No blog posts for a while due to work constraints so forgive me if I blast these three in a row. If your desire is to lose pounds or kilos while you are in your kitchen then by all means put your fridge, hob, and sink as far away from each other as possible when planning it. If however, you do not want to run a half marathon every time you cook a meal, then opting for the efficient “work triangle” is the best option. You see, it really is the measure of kitchen efficiency, creating the ideal work flow. You simply trace a triangle between the fridge, hob and sink and you get the best working kitchen possible. Ideally the distance traveled in total between the three should not exceed 6 meters (c.19’8”) (if you are being picky then an equilateral triangle probably works best, but it still works well if one or two sides are longer than the other.)
I have lived in quite a few houses and I have worked on dozens of others. Over the years I have built up a knowledge and understanding of what I believe to work in a kitchen. In my first house I inherited a kitchen. Layout wise it worked well. The units were galley in plan with the fridge, hob and sink forming a neat triangle, two on one side, one on the other. There was a problem with it however. It was brown, very brown. Taking it out was not an option. So I painted it blue and it was like a cloud had been lifted. Still the same old doors that weren’t quite ideal but nevertheless the dynamic of the room had changed for the better.
In my next house I put a new kitchen into an existing space. With not much space and not much money to play with, getting the basic layout right was the priority. Despite the small size I still managed to achieve the working triangle. (I know it doesn’t look like it from the photo below but believe me the fridge is to the right just out of the photo)
I stuck with simple shaker cupboards in cream but opted for splashes of colour on the walls and floor. The worktop was woodblock and was a pleasure to work with, requiring oiling once every couple of years to keep its appearance up. The floor was ceramic tiles in a variety of colours. Don’t be fooled by the apparently random appearance, the tiles are actually laid out in a carefully worked out “random” pattern!
In my next kitchen I was in a position to design the layout as I wanted it. The house was a new build so the services and electrical outlets were totally at my discretion. Here again I worked in the “ould triangle” but this time I had the scope to work in a large amount of storage with a walk in pantry room located behind it.
I opted for a straight run of units, an island and dining table all parallel to each other. Kitchen units come in standard 600mm width and the maximum space available for the units were 6 units length. The standard depth is also 600mm. In this instance I brought the units forward by 200mm, enabling the worktop to be 800mm deep and giving ample room for storage of hanging equipment, utensils and other items behind the normal working surface depth.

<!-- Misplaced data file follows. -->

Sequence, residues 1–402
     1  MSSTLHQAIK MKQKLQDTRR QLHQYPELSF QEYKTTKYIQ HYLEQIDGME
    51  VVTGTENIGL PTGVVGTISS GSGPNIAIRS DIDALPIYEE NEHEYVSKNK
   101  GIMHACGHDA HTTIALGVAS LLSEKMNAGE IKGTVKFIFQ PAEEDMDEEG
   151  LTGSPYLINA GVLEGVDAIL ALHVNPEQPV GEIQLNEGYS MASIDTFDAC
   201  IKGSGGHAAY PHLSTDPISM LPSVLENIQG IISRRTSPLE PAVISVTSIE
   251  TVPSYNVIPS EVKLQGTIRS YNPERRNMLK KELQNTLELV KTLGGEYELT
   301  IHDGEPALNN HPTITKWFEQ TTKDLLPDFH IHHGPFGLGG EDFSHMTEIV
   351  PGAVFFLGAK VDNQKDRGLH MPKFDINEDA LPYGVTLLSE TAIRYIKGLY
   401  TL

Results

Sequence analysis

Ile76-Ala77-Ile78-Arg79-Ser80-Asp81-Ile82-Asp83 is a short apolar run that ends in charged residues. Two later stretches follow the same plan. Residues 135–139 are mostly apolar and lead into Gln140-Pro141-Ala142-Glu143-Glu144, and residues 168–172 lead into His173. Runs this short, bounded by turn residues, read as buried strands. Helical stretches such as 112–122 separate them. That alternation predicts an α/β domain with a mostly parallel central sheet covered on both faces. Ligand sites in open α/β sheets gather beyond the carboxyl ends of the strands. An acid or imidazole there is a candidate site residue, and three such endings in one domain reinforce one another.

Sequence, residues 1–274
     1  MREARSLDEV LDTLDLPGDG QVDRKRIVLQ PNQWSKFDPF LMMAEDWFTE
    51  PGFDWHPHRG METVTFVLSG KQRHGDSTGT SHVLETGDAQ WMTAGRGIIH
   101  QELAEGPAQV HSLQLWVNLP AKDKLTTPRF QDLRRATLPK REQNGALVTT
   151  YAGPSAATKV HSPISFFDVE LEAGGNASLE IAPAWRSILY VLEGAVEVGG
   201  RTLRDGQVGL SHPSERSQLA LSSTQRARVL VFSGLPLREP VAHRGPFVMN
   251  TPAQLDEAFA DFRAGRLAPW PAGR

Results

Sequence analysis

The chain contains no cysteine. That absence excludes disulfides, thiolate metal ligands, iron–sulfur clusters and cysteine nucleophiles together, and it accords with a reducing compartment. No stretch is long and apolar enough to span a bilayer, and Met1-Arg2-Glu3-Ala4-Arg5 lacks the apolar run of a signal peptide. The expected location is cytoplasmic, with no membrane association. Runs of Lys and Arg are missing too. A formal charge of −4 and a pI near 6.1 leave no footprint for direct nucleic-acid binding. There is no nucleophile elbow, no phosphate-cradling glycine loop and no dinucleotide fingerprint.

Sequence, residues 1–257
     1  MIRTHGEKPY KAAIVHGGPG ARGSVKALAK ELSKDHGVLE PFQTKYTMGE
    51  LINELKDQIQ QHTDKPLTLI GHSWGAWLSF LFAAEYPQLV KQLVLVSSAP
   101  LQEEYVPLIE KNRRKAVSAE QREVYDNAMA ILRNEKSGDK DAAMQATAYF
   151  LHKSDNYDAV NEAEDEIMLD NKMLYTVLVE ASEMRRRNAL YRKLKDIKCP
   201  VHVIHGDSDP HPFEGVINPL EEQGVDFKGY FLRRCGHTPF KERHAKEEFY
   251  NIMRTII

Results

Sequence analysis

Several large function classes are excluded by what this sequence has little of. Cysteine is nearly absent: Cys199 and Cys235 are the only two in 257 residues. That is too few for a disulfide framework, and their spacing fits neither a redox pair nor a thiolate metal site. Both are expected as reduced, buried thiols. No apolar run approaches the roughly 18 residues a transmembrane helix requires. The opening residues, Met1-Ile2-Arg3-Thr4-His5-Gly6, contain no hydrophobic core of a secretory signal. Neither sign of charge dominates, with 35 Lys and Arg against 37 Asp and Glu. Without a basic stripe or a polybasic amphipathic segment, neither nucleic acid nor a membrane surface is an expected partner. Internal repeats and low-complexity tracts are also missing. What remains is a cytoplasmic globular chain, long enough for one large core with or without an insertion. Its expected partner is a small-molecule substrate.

The units were full height at each end (like bookends) with worktop space in between. The two end units housed the ovens and integrated fridge respectively with the hob located in the centre of the worktop space between them. The units themselves were designed to take optimum advantage of a high ceiling with a row of high level cupboards for long term storage above the standard ones. Lighting was recessed into each level offering a mixture of atmospheric and task lighting.
A 900m deep island ran parallel to these units. The sink was located within this giving the ideal triangle with distances pretty much equal between the three items. The depth allowed a normal 600 deep cupboard on the working side and a half depth cupboard on the table side which accommodated everyday delph. The kicker of the island on the table side also contained a sweeper for the central vacuuming unit. The Vola tap offered a sculptural but not obtrusive element and a recess for cookbooks was created at the other end of the island.
One of the tricky things when designing a kitchen is trying to avoid too many “fashion” features that scream out the year that the kitchen was installed. White worked well for me in this instance. Every year Elle Decoration issues a “White issue” which demonstrates that in terms of timelessness, white never goes out of fashion, it just changes slightly with the season. The white handle less doors here offered an uncluttered look as well as being easy to clean.
A number of features of this kitchen worked particularly well for me. The extractor hood was concealed behind the above counter units rather than making a feature of it. There are lots of things to consider when choosing the extractor that I can’t cover them all here (but may do it in a future blog post) from noise levels to cost to extraction quality.
A group of three units at right angles to the main run was designed to be lower and thus look more like a freestanding piece of furniture. This had a concealed dishwasher (to the right in the photo below, under the coffee machine) which was raised up by 300mm making it easier to empty/fill.
So, all in all, the message here is simple: get the big picture right to start with and follow this with an in-depth look at the detail until you have satisfied all your criteria for a working kitchen/ dining room.